If you’re looking for a showstopping dessert to add to your holiday spread, consider a soufflé — because nothing says drama like a cake that magically rises from a ramekin and deflates with a single strike of the spoon. Check out these tips and a recipe.
WASHINGTON — If you’re looking for a showstopping dessert to add to your holiday spread, consider a soufflé — because nothing says drama like a cake that magically rises from a ramekin and deflates with a single strike of the spoon.
The classic French dish can be prepared as a savory side (Julia Child is known for her cheese soufflé), but at D.C.’s historic Hay-Adams hotel, pastry chef Elenor Frantz showcases the sweeter side of the egg-based dish with her Williams pear soufflé — and she’s sharing her recipe.
Before your roll up your sleeves and rise to the occasion, Frantz has a few wise words of advice. First, she said, the key to a successful soufflé lies in the meringue. Once the egg whites reach a medium peak, gently — repeat, gently — fold them into the pastry cream. If you overmix the meringue, you risk letting all the air out and losing a nice rise.
Second, to ensure the soufflé shoots up evenly in the oven, Frantz brushes the ramekin with butter in a down-up pattern until the entire interior is greased.
Finally, Frantz said don’t be intimidated by an otherwise simple recipe. The soufflé’s appeal — its impressive puff — is also what keeps many homecooks from attempting the technique, for fear of a flat and fallen dessert. Frantz said as long as you have a good meringue and keep an eye on the oven, you’ll be fine. And your guests will think you’re a culinary genius.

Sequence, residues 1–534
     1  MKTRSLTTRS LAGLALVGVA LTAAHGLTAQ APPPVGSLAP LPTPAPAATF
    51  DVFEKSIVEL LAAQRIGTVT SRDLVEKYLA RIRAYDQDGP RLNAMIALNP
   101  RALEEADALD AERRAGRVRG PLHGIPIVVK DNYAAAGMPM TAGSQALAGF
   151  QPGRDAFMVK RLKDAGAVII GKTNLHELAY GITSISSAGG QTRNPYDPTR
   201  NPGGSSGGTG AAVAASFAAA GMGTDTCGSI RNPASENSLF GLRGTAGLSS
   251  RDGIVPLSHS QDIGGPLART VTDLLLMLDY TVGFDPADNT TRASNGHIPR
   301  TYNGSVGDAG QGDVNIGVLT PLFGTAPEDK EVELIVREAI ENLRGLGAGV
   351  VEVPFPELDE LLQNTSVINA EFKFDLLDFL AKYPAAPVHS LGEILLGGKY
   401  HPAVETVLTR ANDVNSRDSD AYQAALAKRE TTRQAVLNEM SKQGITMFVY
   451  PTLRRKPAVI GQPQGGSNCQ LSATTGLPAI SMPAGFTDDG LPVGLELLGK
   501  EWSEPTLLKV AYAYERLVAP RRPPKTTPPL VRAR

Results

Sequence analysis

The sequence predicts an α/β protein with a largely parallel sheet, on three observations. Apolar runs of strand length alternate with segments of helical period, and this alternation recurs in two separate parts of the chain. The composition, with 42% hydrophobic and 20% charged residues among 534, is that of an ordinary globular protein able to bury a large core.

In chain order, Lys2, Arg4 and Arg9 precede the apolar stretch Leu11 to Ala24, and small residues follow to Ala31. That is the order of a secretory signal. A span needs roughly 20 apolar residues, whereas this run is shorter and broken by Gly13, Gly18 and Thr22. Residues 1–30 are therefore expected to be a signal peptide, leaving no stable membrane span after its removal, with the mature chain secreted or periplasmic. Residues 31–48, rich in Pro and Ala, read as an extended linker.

“It’s a wow-factor if you’re trying to impress at home. I think it’s one of the best recipes that you can show off,” Frantz said.
Williams Pear Soufflé Courtesy Hay-Adams, Elenor Apolonio-Frantz Recipe serves four people
¼ cup of all-purpose flour
2 ½ Tbsp cornstarch
¾ cup of sugar
3 ¾ cups of pear puree
¼ cup of Williams pear brandy
1 ½ cups of milk
4 eggs, separated
1 TSP cream of tartar
Preheat oven to 375 F. Grease four 6-ounce soufflé ramekins with butter and coat with a layer of sugar.
In a bowl, mix the sugar, flour, and cornstarch. Separate the eggs and add yolks to dry mixture, mix, and set aside.
In a medium pan, place the pear puree, milk and pear brandy and bring to a boil. Pour half the liquid into dry ingredients (in small amounts at first to temper the egg), whisking until smooth, forming a batter.
Place the pan back on low heat. Add the mixture and stir until smooth and a pastry cream consistency forms (approximately 2 minutes). Place pastry cream in a pan in the fridge until cold. (Tip: Put a layer of plastic wrap on top of the cream so a film does not form.)
Meanwhile, in a mixer, whisk the egg whites with cream of tartar over low speed until foamy. Increase the speed to medium-high. Continue to beat the egg whites until they reach a medium peak.
Gently fold the egg whites into the chilled pastry cream, scoop the mixture into the ramekins and tap the bottom to settle. (Tip: Frantz runs a towel along the edge of the ramekin so the soufflé rises evenly.)
Place the ramekins into the oven and bake for 15 minutes. (Tip: Serve immediately. Once done, the soufflés will remain puffed for about 5 minutes before they begin to shrink. You can also top the soufflé with powdered sugar.)
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